Cowbridge Comprehensive Author Interview

On Friday 6th Nov. I had the pleasure of being interviewed and filmed by a 6th Form Student from my old school Cowbridge about the importance of literacy and libraries. Our audience was a lively and intelligent Year 7 class which included my daughter!

I had a fantastic hour with the staff and children talking about books, surrounded by books, in their fabulous library and I must pass on my thanks to my daughter for instigating it and Mr Monger for organising it.

Books are brain food so keep reading 🙂

The meaning of life is 42!

6 Keepers to rule us all,
1 boy to bind them,
3 worlds that rise and fall
and all our futures intertwine them

1 bad man, who won’t accept this state,
1 universal battle in a multi-universe state,
1 chance each day to live or die,
no luck or chance but on hope we fly

7 seals forged to protect our worlds
7 Keepers rise with drows unfurled
for a stable state the 7 strive
a chance for all the 7 drive

1 energy path, the soul of life
all memories in this eternal light
so it is, life’s answer in clear view
61311177771 is 42

The Cat in the Box!

When I started to develop the worlds of Earth, Arthe and Thera it was with an underpinning of quantum physics. These ideas shook the world when first formulated and even Einstein could not rationalise what was proposed. Here’s my light hearted take on that struggle….

In Newton’s time an apple fell, it fell upon his head
he cried with glee, the science clear
of gravity both far and near
to new laws of science he was led

But wait said Bohr, of what Newton saw
that apple wasn’t real,
it may have hurt, and led him to blurt,
those laws that made him famous

But dear Sirs, until it’s observed
nothing in this world of ours, exists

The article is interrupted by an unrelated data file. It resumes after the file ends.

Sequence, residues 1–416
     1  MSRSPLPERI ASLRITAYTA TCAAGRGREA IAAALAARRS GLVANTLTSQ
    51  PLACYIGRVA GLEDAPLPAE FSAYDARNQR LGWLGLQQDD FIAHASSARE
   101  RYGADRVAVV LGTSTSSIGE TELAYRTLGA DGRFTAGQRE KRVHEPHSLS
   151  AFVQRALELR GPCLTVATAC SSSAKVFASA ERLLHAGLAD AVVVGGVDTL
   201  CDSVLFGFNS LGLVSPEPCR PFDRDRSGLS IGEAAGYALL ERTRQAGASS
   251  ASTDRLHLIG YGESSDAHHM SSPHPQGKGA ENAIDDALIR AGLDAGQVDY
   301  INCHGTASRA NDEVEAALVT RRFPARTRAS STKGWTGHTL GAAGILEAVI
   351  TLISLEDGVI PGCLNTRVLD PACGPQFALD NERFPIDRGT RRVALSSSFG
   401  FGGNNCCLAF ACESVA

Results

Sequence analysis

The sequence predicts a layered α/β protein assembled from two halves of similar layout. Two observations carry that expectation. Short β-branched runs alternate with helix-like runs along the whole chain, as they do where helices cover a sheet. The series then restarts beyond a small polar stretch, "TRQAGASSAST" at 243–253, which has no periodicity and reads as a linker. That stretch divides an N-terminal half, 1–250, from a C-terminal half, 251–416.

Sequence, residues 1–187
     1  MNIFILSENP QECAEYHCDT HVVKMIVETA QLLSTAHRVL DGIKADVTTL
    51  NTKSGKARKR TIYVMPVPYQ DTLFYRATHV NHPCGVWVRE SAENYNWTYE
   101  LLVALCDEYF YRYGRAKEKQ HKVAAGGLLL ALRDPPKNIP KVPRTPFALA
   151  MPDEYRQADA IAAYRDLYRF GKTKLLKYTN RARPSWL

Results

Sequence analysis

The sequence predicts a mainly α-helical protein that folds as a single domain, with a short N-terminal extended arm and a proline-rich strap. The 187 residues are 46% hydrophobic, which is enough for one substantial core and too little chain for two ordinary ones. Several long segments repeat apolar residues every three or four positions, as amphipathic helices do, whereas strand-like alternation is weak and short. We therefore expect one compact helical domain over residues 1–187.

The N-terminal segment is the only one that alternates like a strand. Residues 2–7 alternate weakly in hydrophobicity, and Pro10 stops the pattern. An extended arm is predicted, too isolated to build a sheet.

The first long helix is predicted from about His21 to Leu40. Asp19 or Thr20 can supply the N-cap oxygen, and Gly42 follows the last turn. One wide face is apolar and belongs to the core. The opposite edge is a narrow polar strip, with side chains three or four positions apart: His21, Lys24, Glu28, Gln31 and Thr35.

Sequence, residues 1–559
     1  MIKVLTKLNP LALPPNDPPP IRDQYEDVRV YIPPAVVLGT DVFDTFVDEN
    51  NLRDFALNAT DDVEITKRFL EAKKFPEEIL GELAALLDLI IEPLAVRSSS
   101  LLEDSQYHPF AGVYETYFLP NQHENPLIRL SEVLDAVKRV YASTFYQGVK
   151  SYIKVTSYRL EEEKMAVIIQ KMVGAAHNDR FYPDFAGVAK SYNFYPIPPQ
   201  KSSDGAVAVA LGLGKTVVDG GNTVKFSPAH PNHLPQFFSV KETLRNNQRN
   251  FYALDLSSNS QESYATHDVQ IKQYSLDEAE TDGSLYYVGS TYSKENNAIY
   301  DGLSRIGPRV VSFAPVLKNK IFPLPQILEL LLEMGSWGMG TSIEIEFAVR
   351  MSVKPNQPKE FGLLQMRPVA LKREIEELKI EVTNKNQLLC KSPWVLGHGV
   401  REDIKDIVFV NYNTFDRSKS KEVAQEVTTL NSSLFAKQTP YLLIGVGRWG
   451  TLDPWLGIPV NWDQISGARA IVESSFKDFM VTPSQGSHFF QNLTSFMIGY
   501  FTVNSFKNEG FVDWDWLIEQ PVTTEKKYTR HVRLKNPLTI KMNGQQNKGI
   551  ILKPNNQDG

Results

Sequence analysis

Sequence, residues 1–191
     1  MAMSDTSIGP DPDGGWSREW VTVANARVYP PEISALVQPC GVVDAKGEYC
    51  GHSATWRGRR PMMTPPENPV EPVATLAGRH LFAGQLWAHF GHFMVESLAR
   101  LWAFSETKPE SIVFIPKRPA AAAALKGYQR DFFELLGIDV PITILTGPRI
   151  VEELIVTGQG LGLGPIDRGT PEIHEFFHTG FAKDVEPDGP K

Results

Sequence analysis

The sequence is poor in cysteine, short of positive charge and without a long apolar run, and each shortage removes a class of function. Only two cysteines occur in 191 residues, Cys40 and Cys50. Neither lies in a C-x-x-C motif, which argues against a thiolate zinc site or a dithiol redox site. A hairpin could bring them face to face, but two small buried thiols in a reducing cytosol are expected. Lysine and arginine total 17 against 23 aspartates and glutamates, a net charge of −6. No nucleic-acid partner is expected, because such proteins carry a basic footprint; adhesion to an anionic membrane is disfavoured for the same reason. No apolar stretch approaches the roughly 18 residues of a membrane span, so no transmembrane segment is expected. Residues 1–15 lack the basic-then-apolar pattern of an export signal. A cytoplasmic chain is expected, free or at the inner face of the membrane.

Einstein cried, “God does not play dice”
this idea of yours Bohr, is short of sight

Schrodinger said, lets all think calmly
If we agree with Bohr, the world will think us balmy
Now think of a cat, in a box
the lid is closed, and let’s take stock

The state of my fictional cat, Bohr would have us believe
is both dead and alive with equal uncertainty
this cannot be, by all that we know
this quantum madness has to go

But time would serve Bohr’s madness well
Things in two places at once, is now what science tells
So the cat in the box is both alive and dead
A true paradox that will forever mess with your head

God of balance….

The Seventh Seal is an exploration of conflicting ways of life. On the one hand we have the Keepers of Thera, pragmatic and largely devoid of emotion. In Odling Smee, the books antagonist, we have a man who desires power. He wants to cut free himself and the people from the governance of the Keepers and replace it with his own form of control. He uses what is inside us all to galvanise his force; self-interest. A good example is in the first chapter when he is addressing his men:

‘Men, the time is nearly upon us to reach for our destiny, to channel our hopes and dreams, to control the power of the regulus and free us from the control of the Keepers. You have all been loyal to me and I hope as we enter this final stage that you will be rewarded by all that life can offer. It is my time, it is your time. Let us prepare for the Keeper and give him the welcome he deserves.’

In using this structure I’ve largely followed the classic Greek Apollonian and Dionysian philosophy. Apollo and Dionysus are both the sons of Zeus, Apollo the god of reason and Dionysus the god of chaos. The former appealing to logic and reason, i.e. balance and the latter to ones emotions and instinct for life; the tension created between the two is the engine that drives the story.